[Edit: Thanks to Harry Gindi for pointing out that I'm only extending the notion of an associative algebra.]

Here is a somewhat "brute force" approach to define an associative algebra over a general ring. Let's say that a ring $A$ with a fixed ring homomorphism $f\colon R\to A$ is centrally generated over $R$ (with respect to $f$) if $A$ is generated as a ring by the image of $R$ and a subset $X\subseteq A$ such that every element of the image of $R$ commutes with every element of $X$.

Then it's clear that whenever $R$ is commutative, a ring homomorphism $f\colon R\to A$ makes $A$ into an $R$-algebra if and only if $A$ is centrally generated over $R$ with respect to $f$.

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    There's no reason why an algebra should be a ring. Most aren't, in fact! – Harry Gindi Apr 19 '10 at 23:28
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    Oops, thanks for the pointer, Harry. I usually live in "associative-land," so I immediately (and erroneously) assumed the question also lived there. – Manny Reyes Apr 19 '10 at 23:40
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    It should also be clear that I'm living in "unital-land." – Manny Reyes Apr 19 '10 at 23:41

This is a follow-up to the answer by Zoran Skoda, applicable to the case where one requires "algebras" to be associative and have a unit.

I'd like to point out that a monoid $(A,\mu,\eta)$ internal to the monoidal category of $R$-bimodules is exactly the same thing as a ring $A$ along with a ring homomorphism $\eta:R\rightarrow A$. And a morphism $(A,\mu,\eta)\rightarrow (A',\mu',\eta')$ is exactly the same thing as a ring morphism $A\rightarrow A'$ that makes the triangle with $R$ commute.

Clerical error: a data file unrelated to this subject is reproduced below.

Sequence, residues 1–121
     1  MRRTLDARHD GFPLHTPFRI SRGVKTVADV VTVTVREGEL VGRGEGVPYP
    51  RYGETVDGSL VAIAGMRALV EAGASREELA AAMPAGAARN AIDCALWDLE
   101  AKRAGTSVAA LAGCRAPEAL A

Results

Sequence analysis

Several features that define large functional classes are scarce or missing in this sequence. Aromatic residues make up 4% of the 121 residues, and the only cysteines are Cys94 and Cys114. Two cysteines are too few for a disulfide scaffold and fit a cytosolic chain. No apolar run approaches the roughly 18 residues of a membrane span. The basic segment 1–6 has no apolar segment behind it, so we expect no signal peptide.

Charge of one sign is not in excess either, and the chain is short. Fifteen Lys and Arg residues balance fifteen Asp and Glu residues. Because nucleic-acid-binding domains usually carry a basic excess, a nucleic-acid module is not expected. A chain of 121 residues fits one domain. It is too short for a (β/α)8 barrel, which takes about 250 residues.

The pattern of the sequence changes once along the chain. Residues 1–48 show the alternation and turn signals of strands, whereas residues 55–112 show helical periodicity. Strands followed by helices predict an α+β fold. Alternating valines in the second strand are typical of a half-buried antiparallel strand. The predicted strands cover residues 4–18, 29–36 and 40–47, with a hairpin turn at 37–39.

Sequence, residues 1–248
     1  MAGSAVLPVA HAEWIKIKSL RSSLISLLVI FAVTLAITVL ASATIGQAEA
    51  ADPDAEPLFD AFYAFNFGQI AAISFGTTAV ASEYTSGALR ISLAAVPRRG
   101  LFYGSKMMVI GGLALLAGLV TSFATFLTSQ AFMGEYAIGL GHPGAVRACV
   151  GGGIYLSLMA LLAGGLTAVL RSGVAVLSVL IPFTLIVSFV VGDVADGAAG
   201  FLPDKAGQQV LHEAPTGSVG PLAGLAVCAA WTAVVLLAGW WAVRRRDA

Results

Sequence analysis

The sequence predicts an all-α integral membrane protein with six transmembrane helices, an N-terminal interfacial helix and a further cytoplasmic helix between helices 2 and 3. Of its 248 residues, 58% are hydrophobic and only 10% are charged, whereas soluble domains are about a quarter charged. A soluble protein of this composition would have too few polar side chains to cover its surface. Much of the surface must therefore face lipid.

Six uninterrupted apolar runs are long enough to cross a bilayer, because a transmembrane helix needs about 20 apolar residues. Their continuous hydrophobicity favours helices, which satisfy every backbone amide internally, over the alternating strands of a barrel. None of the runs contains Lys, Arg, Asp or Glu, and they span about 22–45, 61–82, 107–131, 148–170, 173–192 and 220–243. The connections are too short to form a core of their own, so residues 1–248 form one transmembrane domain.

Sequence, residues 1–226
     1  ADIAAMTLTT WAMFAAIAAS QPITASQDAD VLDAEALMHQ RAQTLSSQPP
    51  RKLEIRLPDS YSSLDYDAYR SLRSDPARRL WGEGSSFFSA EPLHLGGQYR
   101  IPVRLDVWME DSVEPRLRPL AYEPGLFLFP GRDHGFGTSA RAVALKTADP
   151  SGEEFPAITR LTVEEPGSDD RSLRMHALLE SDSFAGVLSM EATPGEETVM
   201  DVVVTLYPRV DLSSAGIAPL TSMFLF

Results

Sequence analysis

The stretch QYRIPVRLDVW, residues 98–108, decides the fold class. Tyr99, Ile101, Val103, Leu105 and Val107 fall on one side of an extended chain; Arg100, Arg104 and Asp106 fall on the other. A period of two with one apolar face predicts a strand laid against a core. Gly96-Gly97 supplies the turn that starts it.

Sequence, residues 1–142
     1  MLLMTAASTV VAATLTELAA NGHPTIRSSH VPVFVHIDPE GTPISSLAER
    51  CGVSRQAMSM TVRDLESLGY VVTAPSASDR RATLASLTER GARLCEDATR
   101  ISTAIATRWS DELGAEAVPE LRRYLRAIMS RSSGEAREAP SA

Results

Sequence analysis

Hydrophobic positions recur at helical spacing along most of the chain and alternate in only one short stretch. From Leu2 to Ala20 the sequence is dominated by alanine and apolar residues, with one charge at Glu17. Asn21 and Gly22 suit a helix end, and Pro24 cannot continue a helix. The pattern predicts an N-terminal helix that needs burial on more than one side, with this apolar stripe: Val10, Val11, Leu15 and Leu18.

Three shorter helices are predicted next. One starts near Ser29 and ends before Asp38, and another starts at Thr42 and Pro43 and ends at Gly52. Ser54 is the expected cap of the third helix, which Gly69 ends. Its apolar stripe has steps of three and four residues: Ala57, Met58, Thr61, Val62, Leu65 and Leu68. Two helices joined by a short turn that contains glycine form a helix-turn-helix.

In other words, this viewpoint can be greatly simplified if we just view an "algebra over $R$" as an object $\eta:R\rightarrow A$ in the category of rings under $R$. One can require that $\eta:R\rightarrow A$ have central image, or not, depending on one's needs.

  • How does this apply to a standard ring homomorphism $\mathbb{C} \to \mathbb{H}$ to the quaternions? That is to say: how are you regarding $\mathbb{H}$ as a monoid in $\mathbb{C}$-bimodules? – Todd Trimble Oct 15 '15 at 4:35
  • What goes wrong if you do it in the obvious way? $\mathbb{H}$ is a $\mathbb{C}$-$\mathbb{C}$-bimodule via the standard ring homomorphism $\mathbb{C}\rightarrow\mathbb{H}$. The multiplication map on it is left-$\mathbb{C}$-linear and right-$\mathbb{C}$-linear and middle-$\mathbb{C}$-linear. Perhaps I'm missing something; I'll give this another look tomorrow. – ebrahim Oct 15 '15 at 7:13
  • It still looks fine to me. It seems perhaps the worry is that $hch'\neq chh'$ for certain complex numbers $c$ and quaternions $h,h'$, so that the multiplication fails to be $\mathbb{C}$-bilinear on the left. But that doesn't seem to me to be a requirement for a multiplication $\mathbb{H}\otimes_\mathbb{C}\mathbb{H}\rightarrow \mathbb{H}$. – ebrahim Oct 15 '15 at 20:09
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    My sincere apologies; it was my confusion. – Todd Trimble Oct 15 '15 at 20:50

Unfortunately that's not exactly what you want but in this paper the authors define Lie algebras over noncommutative rings.